Tim Leberecht

What business can learn from the greatest game on earth.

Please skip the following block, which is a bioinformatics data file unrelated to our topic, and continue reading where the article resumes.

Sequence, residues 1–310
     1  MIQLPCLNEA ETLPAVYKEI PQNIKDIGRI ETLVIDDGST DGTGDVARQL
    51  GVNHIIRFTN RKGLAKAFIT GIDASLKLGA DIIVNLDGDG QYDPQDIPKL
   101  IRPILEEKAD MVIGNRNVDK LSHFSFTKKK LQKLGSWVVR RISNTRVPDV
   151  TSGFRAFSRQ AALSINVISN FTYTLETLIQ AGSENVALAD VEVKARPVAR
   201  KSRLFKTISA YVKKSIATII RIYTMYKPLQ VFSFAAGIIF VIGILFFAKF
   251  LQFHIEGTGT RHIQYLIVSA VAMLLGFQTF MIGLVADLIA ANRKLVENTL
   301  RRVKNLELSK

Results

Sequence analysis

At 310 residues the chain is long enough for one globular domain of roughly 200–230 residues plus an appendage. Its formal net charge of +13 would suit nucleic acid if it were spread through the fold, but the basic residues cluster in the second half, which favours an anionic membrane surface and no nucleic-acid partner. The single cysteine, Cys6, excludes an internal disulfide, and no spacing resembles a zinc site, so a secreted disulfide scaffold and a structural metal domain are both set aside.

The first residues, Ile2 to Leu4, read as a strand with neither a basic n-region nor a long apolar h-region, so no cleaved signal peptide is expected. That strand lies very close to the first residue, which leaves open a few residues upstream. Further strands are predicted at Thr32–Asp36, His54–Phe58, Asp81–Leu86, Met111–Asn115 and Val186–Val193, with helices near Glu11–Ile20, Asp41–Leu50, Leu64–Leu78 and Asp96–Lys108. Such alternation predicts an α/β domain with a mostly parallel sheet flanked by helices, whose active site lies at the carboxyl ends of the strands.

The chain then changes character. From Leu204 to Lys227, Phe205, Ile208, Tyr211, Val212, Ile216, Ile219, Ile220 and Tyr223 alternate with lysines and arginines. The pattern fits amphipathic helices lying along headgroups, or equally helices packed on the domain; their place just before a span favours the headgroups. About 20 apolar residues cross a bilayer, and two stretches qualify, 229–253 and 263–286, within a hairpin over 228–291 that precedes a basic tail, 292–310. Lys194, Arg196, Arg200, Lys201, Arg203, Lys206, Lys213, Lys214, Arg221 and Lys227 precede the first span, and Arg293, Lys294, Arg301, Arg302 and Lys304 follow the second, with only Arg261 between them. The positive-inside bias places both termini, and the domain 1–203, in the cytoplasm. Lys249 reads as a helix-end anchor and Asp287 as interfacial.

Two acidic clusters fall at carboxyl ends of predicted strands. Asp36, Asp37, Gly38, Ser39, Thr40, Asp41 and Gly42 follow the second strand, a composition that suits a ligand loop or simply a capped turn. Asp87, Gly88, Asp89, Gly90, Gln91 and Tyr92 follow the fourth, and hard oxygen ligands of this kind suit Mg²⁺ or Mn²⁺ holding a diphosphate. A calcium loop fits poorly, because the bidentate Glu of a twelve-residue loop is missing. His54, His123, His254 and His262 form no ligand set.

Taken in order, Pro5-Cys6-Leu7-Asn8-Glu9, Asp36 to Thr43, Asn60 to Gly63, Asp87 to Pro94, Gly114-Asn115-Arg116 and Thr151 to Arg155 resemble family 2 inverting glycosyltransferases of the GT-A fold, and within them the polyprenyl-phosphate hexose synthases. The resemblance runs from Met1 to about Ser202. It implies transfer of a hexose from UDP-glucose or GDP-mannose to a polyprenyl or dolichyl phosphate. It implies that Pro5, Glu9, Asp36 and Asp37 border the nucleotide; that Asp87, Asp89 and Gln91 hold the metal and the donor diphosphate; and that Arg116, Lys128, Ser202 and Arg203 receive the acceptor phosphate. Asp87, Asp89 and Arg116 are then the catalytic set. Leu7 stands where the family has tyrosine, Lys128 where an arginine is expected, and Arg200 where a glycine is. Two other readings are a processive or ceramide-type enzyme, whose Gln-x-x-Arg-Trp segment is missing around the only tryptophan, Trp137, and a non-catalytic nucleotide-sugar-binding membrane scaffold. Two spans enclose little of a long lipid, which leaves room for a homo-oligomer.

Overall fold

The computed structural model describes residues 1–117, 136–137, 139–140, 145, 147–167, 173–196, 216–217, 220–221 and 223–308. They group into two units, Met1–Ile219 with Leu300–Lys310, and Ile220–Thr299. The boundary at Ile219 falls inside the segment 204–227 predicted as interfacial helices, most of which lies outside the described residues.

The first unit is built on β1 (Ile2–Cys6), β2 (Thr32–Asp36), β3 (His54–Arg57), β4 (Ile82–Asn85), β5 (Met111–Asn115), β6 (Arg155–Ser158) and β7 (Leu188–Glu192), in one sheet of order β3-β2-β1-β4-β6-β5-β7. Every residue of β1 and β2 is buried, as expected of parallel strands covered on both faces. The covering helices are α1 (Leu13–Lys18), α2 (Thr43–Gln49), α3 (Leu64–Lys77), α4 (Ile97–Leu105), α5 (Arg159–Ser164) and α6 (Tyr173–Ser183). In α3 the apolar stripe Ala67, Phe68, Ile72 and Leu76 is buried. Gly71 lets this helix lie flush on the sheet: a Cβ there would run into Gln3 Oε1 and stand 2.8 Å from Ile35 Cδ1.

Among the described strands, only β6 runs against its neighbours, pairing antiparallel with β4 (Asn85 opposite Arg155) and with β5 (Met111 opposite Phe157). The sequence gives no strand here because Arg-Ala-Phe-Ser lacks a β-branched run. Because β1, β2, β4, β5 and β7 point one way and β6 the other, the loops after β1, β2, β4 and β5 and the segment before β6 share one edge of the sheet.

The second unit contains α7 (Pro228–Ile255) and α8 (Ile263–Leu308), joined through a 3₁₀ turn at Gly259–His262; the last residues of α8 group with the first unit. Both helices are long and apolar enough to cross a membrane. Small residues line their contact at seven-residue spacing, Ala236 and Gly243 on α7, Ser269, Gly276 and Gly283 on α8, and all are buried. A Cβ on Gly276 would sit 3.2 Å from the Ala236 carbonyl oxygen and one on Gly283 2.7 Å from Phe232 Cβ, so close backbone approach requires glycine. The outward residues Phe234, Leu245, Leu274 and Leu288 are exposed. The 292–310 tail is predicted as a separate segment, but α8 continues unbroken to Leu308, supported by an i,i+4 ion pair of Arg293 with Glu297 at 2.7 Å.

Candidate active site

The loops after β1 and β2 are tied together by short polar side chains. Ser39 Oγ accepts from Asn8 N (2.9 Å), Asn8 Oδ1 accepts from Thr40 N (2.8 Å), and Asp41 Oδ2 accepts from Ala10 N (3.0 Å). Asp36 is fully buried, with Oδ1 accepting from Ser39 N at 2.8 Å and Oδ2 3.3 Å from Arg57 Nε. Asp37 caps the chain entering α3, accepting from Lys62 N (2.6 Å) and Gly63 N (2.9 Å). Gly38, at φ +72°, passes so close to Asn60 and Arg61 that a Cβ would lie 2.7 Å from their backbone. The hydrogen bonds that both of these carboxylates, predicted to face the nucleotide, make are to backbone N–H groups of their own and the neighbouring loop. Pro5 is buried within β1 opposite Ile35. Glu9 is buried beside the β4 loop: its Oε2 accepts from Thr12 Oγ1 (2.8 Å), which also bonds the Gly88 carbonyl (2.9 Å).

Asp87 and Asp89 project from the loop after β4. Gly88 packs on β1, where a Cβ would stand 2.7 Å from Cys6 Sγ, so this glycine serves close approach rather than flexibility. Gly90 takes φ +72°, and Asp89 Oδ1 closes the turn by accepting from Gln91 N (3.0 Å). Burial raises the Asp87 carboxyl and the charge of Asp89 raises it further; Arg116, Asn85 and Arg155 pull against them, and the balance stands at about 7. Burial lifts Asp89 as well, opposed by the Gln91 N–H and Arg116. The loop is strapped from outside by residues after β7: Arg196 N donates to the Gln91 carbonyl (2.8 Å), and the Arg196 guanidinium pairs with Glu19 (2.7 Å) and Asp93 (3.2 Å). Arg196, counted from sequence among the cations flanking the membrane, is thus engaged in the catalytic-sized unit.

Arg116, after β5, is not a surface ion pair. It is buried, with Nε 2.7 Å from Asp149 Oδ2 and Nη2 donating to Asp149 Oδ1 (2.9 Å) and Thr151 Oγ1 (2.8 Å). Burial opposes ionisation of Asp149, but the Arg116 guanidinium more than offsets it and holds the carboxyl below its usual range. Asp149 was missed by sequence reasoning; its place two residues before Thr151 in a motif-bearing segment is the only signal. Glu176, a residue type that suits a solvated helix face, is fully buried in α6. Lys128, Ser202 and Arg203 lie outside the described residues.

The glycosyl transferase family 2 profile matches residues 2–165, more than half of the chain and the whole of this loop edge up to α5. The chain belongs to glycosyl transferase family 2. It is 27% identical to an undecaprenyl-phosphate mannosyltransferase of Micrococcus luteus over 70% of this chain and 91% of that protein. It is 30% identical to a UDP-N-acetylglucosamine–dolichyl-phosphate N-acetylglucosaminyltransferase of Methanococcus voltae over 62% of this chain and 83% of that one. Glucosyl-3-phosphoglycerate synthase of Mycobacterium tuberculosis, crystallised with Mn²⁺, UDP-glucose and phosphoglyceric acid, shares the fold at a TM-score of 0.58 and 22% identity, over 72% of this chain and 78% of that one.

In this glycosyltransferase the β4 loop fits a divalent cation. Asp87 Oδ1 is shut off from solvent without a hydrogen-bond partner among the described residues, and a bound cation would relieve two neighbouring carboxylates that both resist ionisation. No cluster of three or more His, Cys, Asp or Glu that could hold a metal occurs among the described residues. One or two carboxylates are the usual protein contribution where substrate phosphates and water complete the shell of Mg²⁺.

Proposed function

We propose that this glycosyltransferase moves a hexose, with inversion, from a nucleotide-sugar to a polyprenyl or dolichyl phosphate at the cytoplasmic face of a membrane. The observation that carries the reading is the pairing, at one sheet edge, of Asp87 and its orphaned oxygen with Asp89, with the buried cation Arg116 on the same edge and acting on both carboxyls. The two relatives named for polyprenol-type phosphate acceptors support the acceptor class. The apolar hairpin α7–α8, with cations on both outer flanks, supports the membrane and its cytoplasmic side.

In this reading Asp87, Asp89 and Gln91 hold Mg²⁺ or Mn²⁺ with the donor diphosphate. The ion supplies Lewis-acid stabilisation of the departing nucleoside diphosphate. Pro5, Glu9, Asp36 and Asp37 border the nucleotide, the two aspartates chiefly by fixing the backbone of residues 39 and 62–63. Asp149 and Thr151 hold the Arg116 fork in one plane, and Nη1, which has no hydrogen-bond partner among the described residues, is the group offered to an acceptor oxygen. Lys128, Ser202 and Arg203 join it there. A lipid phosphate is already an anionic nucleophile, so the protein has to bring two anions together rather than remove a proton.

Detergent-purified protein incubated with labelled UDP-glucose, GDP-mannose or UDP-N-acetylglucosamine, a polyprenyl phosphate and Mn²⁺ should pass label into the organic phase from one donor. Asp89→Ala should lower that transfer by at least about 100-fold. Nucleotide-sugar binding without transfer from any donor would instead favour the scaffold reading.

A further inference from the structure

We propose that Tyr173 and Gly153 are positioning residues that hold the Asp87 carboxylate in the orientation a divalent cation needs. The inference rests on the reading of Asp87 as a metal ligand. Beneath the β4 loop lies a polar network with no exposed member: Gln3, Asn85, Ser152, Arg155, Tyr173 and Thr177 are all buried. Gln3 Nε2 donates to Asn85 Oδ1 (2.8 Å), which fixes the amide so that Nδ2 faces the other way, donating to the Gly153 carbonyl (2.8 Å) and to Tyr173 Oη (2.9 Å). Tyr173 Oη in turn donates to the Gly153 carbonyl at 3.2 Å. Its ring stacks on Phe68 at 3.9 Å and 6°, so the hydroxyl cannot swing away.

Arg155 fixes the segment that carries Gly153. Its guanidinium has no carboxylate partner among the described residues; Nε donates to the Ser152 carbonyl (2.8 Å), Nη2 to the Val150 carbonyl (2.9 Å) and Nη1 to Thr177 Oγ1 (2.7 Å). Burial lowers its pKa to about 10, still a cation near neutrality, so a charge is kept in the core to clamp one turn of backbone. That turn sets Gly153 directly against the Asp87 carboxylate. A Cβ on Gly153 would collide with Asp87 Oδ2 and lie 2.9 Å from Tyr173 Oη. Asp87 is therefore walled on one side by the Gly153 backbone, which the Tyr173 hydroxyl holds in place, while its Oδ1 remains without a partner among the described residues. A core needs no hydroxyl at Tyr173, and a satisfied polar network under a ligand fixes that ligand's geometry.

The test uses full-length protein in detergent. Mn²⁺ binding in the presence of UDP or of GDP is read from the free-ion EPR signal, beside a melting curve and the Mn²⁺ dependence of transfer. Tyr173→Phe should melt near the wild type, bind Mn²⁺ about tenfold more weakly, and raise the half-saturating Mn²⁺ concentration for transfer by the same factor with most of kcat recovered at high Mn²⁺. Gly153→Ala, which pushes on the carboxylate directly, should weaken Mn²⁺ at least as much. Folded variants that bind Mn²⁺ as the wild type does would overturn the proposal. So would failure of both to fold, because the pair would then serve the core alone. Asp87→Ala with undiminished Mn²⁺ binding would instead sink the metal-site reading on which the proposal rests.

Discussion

If you look at the history of soccer for groundbreaking, "game-changing" innovations, you realize they have been scarce; by and large the game hasn't evolved much. Some innovations resulted from a changing of the rules. Most of them, however, were driven by either organizational or individual excellence. For example, there is the position of the "libero," the "sweeper" before the goal-keeper who, freed from marking a direct opponent, was mandated with opening a team's game from deep in its own territory; the allure of the "playmaker"; the introduction of a three-man defense row in the 1990s; the "Sweeper-Keeper" performing the defensive actions of a libero; the increased importance of the "six," the defensive holding midfielder; and the Dutch "Total Football" concept, with its fluid, attacking 4-5-1 and 3-2-5 formations.

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